Friday, March 22, 2002
Terrorist, schmerroristA horrifying explanation from the Chicago Tribune about their use -- or lack thereof -- of the word terrorism (from Romenesko via Media Minded. They've chosen to use the word for the attacks of September 11, but to "withhold that designation from other actions in other places (mainly the Middle East) where some people argue it is warranted."
Many readers contend that we've also seen terrorism in the detonations of suicide bombs at pizzerias and bar mitzvah parties in Jerusalem.Many readers contend?!?!?!?!?!? Are there others who don't?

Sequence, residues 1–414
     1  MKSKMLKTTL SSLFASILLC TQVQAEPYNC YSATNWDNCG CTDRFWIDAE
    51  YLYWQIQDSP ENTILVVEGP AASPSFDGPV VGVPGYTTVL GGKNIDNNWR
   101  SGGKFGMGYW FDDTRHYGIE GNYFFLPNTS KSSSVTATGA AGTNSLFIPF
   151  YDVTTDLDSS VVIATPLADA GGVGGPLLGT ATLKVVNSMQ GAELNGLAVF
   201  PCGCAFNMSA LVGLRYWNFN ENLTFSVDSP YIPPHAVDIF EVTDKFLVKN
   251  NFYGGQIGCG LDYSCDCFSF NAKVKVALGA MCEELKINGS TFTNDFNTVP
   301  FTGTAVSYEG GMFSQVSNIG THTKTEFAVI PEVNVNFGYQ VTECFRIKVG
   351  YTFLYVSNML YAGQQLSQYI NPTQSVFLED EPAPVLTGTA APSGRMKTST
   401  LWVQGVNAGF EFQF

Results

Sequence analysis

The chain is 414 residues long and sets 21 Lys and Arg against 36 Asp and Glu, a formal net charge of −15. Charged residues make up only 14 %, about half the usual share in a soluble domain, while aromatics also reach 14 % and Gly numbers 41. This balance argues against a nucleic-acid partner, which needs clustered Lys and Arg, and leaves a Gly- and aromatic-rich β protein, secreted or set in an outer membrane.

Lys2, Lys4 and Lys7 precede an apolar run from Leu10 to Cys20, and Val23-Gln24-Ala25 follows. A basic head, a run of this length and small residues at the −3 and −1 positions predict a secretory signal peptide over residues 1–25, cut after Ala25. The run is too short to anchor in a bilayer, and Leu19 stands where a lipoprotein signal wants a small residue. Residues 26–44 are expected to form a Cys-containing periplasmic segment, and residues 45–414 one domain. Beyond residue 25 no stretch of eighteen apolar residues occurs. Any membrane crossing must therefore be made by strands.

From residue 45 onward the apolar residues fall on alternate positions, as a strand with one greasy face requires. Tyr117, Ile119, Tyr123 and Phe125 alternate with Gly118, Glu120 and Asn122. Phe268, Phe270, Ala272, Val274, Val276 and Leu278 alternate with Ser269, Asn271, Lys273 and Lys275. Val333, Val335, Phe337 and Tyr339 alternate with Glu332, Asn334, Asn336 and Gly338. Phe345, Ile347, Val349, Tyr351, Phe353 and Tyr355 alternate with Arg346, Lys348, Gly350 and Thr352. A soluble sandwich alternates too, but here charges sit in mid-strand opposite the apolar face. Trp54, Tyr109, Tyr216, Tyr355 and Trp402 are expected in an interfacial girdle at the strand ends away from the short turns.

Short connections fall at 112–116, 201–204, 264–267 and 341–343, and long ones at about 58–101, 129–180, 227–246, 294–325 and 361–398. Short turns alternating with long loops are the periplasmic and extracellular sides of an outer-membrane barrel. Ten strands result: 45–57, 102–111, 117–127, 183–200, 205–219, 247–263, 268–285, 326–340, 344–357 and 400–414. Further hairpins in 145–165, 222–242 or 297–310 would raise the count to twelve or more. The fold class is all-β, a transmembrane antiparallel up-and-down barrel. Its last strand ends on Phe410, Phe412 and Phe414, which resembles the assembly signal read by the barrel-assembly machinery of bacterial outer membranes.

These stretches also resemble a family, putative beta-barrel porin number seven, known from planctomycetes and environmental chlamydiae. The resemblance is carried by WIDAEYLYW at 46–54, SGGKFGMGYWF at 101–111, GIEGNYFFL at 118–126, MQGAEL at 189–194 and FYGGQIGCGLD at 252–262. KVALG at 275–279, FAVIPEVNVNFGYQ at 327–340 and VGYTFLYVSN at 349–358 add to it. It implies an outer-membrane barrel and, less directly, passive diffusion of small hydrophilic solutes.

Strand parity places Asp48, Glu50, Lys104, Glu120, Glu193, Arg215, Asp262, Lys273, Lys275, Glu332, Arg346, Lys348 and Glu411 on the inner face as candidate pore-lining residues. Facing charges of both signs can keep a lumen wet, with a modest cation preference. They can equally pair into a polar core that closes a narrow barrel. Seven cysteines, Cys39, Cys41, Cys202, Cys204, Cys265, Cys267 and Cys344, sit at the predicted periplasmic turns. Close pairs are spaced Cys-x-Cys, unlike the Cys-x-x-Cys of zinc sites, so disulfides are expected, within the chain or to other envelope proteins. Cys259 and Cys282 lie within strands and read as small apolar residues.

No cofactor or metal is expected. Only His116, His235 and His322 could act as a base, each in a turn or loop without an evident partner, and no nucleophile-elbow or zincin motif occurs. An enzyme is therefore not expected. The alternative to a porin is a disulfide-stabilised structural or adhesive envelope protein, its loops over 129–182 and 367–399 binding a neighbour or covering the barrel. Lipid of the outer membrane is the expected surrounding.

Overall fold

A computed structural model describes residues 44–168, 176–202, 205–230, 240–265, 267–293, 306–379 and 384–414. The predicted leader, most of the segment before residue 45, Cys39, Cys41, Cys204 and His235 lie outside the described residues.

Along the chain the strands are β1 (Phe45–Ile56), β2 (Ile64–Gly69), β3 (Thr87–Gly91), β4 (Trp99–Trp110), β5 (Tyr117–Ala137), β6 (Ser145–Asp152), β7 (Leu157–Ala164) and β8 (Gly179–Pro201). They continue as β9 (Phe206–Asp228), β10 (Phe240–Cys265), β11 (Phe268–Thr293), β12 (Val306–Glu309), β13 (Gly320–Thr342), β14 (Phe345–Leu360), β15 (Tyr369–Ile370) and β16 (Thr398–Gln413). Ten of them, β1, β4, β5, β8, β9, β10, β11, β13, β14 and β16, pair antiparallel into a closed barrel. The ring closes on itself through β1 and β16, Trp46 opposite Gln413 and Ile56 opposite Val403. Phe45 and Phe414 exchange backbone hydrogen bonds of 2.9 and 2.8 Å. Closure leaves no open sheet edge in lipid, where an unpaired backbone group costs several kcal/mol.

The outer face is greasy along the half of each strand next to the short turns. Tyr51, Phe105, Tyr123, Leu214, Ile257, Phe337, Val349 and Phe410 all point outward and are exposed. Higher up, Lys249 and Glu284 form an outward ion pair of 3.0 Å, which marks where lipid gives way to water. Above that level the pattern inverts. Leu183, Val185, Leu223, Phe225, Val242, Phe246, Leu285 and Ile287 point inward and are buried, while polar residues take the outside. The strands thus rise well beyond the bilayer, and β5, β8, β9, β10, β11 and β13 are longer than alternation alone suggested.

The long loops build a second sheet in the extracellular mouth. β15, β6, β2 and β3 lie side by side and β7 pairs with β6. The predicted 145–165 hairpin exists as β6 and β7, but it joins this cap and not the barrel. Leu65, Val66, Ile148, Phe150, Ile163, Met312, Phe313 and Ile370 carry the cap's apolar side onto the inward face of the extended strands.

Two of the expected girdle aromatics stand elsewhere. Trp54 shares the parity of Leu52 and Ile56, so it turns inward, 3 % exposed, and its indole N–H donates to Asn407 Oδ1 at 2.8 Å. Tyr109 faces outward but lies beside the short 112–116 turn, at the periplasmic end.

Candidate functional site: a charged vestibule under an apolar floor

How to justify the difference? Well--and this is just one journalist's view--the Tribune is an American newspaper written principally for an American audience and owing its existence and independence to the American Constitution. Our perspective is inescapably American (which is not to say it is necessarily the same as that of the U.S. government). Inevitably, as the news of Sept. 11 is reported and interpreted, that perspective is reflected in the product. Indeed, it almost has to be if we are to speak intelligibly on those events to our audience. Our perspective on events in the Middle East also is American, which is to say it is not identical to that of any of the contending parties. To faithfully report and interpret the events there for our American audience, we must refrain from consistently labeling either party as terrorists, because to do so is, in effect, to declare it illegitimate.Got that? It's okay to have "chosen sides" in discussing 9/11 because we're American. But we wouldn't want to call a spade a spade in the Middle East, because, well, they're not American. We wouldn't want to declare a suicide bombing at a pizzeria to be "illegitimate." Note that this isn't a matter of misplaced "objectivity," because if it were, then 9/11 wouldn't be labelled as terrorist either. No, it's just that Americans might think that people who deliberately blow up civilians are the same as people who use military force to prevent these sorts of acts of terrorism, and it's not our job as a newspaper to show the difference.
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